An announcement by Areva that it has withdrawn legal action against the Czech Republic completed a round of reactions from the three vendors that made bids to build two new reactors at Temelin.
Launched in August 2009, the effort by Czech state-controlled electricity utility CEZ to select a reactor design to build at Temelin was eventually shelved this month. This concluded five years of costly efforts by reactor vendors to prepare their bids, engage with CEZ and to build the necessary alliances with local suppliers and universities.
US-based and Japanese-owned Westinghouse said it was "deeply disappointed by the decision to cancel the Temelin tender in the very final stages of the process." It said the loss of local work would impact Czech industry's chances of taking part in nuclear build elsewhere.
The reason given by head of CEZ Daniel Beneš was that market conditions had evolved too much from those at the start of the tendering process. Revenues from electricity generation are not as secure as they were in 2009 and that threatens many power infrastructure projects he said. "Our plans will have to be adjusted to changes currently being prepared in Brussels [by the European Commission]. Apparently in the future close cooperation with the state will be necessary to secure further development of nuclear energy."
Rosatom said it "respected the actions by the customer" and would look forward to contributing to the Czech Republic's anticipated "comprehensive development plan for the nuclear industry."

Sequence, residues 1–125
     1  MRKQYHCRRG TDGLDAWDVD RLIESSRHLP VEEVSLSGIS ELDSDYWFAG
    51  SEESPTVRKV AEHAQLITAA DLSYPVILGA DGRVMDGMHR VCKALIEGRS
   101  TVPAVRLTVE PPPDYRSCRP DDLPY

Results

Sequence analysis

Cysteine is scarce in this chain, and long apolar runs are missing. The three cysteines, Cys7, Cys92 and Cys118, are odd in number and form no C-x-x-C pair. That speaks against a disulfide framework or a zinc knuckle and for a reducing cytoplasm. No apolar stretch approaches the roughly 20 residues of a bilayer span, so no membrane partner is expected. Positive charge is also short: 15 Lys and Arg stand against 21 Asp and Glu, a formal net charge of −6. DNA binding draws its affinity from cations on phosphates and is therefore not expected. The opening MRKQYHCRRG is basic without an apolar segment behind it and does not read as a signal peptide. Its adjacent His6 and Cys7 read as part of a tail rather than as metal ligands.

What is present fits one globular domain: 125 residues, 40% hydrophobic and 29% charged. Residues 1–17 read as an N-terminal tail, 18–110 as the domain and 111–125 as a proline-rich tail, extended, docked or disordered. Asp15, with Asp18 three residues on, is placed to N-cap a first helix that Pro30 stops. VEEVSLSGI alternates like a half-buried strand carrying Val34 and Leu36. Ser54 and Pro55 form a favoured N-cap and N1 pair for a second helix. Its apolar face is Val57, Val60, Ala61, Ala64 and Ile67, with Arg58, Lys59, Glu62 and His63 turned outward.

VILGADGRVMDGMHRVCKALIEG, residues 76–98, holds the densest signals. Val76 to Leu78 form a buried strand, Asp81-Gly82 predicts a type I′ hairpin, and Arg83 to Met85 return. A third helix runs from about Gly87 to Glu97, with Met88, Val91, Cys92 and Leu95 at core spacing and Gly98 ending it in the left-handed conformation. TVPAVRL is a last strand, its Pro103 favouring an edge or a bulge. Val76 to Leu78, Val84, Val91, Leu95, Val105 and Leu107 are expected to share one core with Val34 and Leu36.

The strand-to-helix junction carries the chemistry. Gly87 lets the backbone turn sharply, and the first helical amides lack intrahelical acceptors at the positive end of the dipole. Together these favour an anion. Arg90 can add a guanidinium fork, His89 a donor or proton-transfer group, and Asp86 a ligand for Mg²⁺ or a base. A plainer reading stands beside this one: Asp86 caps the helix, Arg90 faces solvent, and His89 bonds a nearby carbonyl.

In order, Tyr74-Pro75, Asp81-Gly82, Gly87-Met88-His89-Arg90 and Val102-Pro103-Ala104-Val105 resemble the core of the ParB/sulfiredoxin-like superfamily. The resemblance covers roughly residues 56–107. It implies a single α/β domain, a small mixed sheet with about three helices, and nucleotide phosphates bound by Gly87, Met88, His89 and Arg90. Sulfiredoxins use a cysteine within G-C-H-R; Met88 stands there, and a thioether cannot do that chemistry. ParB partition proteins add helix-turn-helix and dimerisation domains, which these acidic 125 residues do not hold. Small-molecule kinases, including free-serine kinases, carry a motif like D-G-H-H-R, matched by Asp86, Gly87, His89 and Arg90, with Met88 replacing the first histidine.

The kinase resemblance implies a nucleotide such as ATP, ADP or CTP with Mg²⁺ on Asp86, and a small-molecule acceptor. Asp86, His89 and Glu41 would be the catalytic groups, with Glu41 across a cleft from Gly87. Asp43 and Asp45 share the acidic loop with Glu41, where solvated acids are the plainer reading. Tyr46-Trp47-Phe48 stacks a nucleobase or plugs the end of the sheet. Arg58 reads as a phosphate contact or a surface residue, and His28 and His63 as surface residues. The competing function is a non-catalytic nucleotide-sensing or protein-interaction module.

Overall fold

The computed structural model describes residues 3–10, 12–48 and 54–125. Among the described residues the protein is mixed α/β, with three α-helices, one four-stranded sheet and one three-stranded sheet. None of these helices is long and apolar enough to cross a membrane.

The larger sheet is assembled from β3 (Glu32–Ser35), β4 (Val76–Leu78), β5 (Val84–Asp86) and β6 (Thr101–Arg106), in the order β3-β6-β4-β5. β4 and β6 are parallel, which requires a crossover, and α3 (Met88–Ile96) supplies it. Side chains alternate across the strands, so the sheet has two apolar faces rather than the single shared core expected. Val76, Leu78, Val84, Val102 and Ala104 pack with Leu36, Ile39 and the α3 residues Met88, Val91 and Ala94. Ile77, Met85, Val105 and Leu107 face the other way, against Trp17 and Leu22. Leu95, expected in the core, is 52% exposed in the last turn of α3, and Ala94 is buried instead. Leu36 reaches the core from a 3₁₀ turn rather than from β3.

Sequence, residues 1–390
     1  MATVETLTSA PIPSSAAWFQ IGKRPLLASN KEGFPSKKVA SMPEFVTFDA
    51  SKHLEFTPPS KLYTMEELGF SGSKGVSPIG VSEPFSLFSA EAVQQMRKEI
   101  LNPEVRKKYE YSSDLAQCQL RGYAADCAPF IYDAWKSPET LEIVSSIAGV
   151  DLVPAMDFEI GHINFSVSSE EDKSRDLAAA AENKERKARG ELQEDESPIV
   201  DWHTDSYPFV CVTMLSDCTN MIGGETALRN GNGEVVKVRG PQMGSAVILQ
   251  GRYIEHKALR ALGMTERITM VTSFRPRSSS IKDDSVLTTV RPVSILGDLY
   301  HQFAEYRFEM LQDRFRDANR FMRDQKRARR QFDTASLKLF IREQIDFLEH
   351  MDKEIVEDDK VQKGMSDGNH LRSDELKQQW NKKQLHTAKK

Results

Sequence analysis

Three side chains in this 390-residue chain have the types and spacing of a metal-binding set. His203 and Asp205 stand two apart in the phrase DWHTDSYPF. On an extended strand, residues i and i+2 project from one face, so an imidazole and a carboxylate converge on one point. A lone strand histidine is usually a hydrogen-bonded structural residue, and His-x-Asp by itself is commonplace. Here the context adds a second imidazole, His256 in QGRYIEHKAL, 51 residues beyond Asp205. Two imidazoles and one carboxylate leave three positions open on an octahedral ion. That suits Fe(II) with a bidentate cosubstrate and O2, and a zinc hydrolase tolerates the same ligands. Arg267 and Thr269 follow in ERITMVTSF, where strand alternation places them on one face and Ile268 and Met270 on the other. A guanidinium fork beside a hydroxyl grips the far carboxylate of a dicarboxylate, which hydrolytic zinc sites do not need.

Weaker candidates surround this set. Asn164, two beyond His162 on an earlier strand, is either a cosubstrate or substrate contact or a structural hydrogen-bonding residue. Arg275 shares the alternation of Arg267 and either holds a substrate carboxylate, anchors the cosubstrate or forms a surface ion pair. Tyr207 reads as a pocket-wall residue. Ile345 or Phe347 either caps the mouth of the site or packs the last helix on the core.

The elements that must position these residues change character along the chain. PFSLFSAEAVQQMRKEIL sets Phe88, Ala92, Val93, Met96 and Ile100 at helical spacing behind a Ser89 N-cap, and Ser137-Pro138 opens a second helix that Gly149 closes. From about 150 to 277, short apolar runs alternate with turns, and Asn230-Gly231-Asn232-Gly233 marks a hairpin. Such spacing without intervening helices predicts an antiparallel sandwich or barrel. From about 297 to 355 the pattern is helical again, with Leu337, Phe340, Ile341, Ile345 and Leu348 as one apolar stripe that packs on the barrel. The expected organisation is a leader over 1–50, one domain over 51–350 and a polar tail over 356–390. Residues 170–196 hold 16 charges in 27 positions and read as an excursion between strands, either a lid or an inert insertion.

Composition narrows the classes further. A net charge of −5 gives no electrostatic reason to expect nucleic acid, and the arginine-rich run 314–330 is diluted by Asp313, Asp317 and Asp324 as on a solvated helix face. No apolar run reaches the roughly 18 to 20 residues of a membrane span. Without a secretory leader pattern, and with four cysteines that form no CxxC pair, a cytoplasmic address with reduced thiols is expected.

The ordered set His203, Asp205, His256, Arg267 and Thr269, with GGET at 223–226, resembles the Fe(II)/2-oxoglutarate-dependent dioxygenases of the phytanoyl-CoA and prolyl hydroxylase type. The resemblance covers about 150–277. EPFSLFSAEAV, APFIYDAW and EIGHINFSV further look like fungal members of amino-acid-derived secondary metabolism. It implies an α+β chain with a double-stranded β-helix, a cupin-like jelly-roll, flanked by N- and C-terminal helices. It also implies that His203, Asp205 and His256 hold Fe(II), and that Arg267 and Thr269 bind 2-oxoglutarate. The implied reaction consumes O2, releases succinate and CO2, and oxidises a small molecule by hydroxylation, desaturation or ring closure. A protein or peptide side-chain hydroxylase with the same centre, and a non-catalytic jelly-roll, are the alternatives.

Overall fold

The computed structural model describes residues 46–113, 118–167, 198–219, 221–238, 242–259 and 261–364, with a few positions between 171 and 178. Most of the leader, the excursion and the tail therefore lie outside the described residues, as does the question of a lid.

Areva had become involved in a legal row with CEZ over its disqualification from the tender, due to an alleged failure to meet statutory requirements. Areva appealed against this, but has now announced that legal action would be withdrawn in light of the tender itself being cancelled. The company said "by withdrawing this appeal we would like our relationships with local partners to have a new start." Areva's words echoed those of CEZ in noting that "Although the initial tender... has been cancelled, the energy needs of the Czech Republic remain the same."
All three contenders submitted documentation supporting their respective bids in late June 2012. Areva put forward its EPR design, the AtomStroyExport consortium's bid was based on Gidropress' MIR-1200 third generation VVER model, while Westinghouse's bid was based on its AP1000. Each vendor submitted a commercial proposal, a technical proposal and a proposal for the supply of nuclear fuel.
Researched and written
by World Nuclear News